Types of punishments such as hanging, imprisonment, death, and hard labor have been around for ages. The death penalty was created in the Eighteenth Century B.C. to punish criminals for crimes such as murder, rape, heresy, and witchcraft. There is controversy surrounding the topic, Tracy Dye believes the death penalty is cruel and should be abolished, while Dave Anderson is for legalizing the death penalty in every state.
This paper will examine two sides of a debate and come up with a compromise. The death penalty, also known as capital punishment, is a government-sanctioned practice whereby a person is killed by the state as a punishment for a crime. When a criminal is punished by being sentenced to death, this is known as an execution. In the Eighteenth Century BC, the Code of King Hammurabi of Babylon codified the death penalty for twenty-five different crimes. Crimes that are punishable by death are known as capital crimes or capital offenses, and they commonly include offenses such as murder, treason, espionage, war crimes, crimes against humanity and genocide.
Death-row is a special section of a prison that houses inmates who are awaiting execution after being sentenced to death. According to deathpenaltyinfo.org, “Death-row prisoners in the U.S. typically spend more than a decade awaiting execution. Some prisoners have been on death row for well over 20 years. During this time, they are generally isolated from other prisoners, sharply restricted in terms of visitation and exercise, and spend as many as 23 hours a day alone in their cells’’(TimeonDeathRow). Nearly a quarter of inmates on death row in the U.S. die of natural causes while awaiting execution.
Opponents of capital punishment claim that a prisoner’s isolation and uncertainty over his or her fate establishes a form of mental cruelty and long-time death row inmates are liable to become mentally ill….if they are not already. This is referred to as the death row phenomenon. In extreme cases, some inmates may attempt to commit suicide. Tracy Dye is against the death penalty and believes that there are other ways of punishing criminals. One of Dye’s arguments against the death penalty is Exoneration.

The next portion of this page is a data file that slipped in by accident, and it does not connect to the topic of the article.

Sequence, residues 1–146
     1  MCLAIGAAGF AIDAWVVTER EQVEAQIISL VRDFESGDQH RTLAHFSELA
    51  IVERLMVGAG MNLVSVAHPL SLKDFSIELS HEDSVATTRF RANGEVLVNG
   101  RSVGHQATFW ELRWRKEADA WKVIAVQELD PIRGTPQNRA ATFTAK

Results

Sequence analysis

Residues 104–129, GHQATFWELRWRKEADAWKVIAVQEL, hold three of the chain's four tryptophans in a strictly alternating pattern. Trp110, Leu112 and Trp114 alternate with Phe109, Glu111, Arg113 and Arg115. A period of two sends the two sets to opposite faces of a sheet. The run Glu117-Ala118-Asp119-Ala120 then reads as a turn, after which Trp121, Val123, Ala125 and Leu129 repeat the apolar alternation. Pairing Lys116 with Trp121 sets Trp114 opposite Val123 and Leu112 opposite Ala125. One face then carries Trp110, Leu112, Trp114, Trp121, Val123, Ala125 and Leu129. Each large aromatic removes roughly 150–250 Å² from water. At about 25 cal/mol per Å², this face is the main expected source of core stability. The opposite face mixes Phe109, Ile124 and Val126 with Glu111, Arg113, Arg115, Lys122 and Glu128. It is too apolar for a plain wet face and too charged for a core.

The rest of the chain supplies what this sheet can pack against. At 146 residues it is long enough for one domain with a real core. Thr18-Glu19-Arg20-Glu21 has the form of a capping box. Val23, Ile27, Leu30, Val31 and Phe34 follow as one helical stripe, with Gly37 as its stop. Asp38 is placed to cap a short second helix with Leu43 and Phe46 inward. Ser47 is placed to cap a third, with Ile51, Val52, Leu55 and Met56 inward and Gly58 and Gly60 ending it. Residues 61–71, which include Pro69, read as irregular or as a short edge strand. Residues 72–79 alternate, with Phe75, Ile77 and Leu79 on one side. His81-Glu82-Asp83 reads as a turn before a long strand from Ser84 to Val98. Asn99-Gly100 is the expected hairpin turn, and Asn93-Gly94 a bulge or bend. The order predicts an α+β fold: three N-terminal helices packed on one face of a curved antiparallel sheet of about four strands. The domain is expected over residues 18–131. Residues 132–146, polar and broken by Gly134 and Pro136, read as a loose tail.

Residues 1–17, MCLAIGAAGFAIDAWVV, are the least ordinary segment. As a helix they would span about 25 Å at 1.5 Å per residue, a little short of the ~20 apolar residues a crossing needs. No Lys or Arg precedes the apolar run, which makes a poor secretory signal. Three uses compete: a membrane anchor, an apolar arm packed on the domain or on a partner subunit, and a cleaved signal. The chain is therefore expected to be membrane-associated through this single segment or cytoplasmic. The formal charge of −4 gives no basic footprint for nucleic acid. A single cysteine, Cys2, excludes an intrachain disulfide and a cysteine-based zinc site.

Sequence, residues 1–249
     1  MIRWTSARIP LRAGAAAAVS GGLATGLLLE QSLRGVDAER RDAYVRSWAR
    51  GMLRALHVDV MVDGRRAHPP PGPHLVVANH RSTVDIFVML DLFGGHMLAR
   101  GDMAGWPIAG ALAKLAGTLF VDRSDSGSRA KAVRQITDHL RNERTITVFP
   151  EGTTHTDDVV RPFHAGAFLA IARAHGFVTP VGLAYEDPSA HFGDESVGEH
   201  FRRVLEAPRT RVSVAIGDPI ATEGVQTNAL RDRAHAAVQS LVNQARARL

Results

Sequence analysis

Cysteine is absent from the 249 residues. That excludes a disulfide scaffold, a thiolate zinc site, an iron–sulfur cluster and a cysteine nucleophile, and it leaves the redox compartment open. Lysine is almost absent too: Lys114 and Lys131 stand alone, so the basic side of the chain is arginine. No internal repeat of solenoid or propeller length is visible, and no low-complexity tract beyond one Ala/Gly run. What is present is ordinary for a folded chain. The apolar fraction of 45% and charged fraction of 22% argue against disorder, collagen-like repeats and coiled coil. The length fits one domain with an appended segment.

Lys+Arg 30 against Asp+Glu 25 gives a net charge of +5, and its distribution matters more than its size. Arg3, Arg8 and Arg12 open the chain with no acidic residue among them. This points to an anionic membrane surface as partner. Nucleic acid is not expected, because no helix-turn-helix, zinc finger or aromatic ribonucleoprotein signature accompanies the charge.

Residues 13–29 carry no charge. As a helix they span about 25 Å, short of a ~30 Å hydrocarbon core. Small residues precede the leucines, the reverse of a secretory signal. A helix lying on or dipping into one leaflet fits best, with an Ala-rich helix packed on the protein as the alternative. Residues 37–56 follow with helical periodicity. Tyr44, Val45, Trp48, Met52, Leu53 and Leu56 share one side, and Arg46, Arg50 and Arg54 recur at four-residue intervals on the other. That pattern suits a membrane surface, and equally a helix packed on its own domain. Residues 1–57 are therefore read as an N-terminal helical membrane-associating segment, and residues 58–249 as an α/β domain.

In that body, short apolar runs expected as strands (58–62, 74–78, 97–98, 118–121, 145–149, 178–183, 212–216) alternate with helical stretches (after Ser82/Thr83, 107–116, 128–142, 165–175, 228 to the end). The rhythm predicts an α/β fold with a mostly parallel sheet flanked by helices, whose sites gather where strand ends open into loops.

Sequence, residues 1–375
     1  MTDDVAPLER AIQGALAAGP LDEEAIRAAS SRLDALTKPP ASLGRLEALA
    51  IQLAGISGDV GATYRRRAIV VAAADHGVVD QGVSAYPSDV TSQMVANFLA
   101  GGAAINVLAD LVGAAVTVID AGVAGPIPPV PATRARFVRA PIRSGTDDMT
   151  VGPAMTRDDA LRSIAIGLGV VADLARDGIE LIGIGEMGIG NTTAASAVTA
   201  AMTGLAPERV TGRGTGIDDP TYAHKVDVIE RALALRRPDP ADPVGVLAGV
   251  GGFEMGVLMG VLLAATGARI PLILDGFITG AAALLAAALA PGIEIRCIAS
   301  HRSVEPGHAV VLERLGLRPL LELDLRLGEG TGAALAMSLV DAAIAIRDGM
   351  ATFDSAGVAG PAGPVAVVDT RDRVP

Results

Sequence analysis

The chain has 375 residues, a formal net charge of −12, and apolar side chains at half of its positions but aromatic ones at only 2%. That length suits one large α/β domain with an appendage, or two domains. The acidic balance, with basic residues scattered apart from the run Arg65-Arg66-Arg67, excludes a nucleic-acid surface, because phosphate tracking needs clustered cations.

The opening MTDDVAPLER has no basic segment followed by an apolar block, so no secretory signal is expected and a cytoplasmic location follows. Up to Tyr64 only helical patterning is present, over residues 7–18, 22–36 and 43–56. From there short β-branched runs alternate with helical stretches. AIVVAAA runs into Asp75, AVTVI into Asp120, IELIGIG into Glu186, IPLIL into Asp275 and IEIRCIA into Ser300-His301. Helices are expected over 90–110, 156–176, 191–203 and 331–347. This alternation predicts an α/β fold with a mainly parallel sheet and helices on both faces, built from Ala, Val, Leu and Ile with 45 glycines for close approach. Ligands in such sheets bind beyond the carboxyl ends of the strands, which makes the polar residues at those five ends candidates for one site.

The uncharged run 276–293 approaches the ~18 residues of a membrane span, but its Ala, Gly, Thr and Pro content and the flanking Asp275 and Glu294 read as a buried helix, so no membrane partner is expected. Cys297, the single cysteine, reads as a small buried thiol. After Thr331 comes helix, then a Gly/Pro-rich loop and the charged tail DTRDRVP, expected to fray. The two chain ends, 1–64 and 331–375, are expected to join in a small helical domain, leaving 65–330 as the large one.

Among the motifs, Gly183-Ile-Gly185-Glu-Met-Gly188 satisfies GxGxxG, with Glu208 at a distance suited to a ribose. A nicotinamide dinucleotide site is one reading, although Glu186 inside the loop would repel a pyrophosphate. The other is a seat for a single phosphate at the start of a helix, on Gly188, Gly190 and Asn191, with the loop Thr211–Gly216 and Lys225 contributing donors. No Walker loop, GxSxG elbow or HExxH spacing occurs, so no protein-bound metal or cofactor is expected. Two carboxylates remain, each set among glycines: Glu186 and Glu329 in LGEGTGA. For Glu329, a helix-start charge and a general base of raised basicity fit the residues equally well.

What if an inmate sentenced to death is later found to be innocent of their convictions? A study titled “Rate of false convictions of criminal defendants who are sentenced to death” published in the Proceedings of the National Academy of Sciences of the United States of America found that over 4 percent of prisoners sentenced to death in the United States are innocent. If a conviction is ever overturned, it can take decades at the very least. Another point Dye makes is that the cost of the death penalty compared to a life sentence without parole is exponential. Due to the extra measures taken in judicial proceedings, lawyer fees, extended trials, and expert witnesses, costs end up being higher. A Cost Study by the Sacramento Bee noted that the average cost of a death sentence during a case is $3 million. Even though the majority of U.S. states do not enforce the death penalty, all U.S. taxpayers are footing the bill.
Dye says, “-socio-economic discrimination is also found within capital punishment. People with substantial income can afford the best criminal defense team when going to trial, while those of low socio-economic status cannot. Verdicts are largely dependent on the quality of one’s defense team”. An article from deathpenalty.org cited, “Many lawyers who were assigned by the state to poor defendants were often inadequately trained, later suspended and/or disbarred”(Death penalty).
Dave Anderson believes the death penalty should continue to be legal and that it plays an important role in our fight against crime and punishment of the perpetrators of those crimes. Many people were early age, we were taught that actions have consequences. Anderson believes in retribution and that consequences bring order to our society. “When a person commits a violent and dangerous crime such as taking the life of another, they have to be punished, they have to pay the price of their actions and it should be in equal measure”, states Anderson. No person subsequently proved to be innocent has been executed since the reinstatement of the death penalty in 1977.
According to Anderson, “One of the reasons people claim that the death penalty should be abolished is the danger of an erroneous conviction”. Because of the advances in forensic science and technology, DNA evidence can now be obtained from almost vanishingly small samples allowing for the innocent to be exonerated relatively easily. The arguments for and against the death penalty both have valid points. Citations Anderson, Dave.
- “10 Reasons The Death Penalty Should Be Legal in All States.” Top 10 Lists | ListLand.com, ListLand, 21 Feb. 2016, www.listland.com/10-reasons-the-death-penalty-should-be-legal/. Dye, Tracy.
- “Top 10 Reasons The Death Penalty Should Be Abolished.” Top 10 Lists | ListLand.com, ListLand, 14 Jan. 2015, www.listland.com/top-10-reasons-death-penalty-abolished/.
- Grassian, Stuart. “Time on Death Row.” Millions Misspent: What Politicians Don’t Say About the High Costs of the Death Penalty | Death Penalty Information Center, Death Penalty Information Center, Sept. 2014, www.deathpenaltyinfo.org/time-death-row.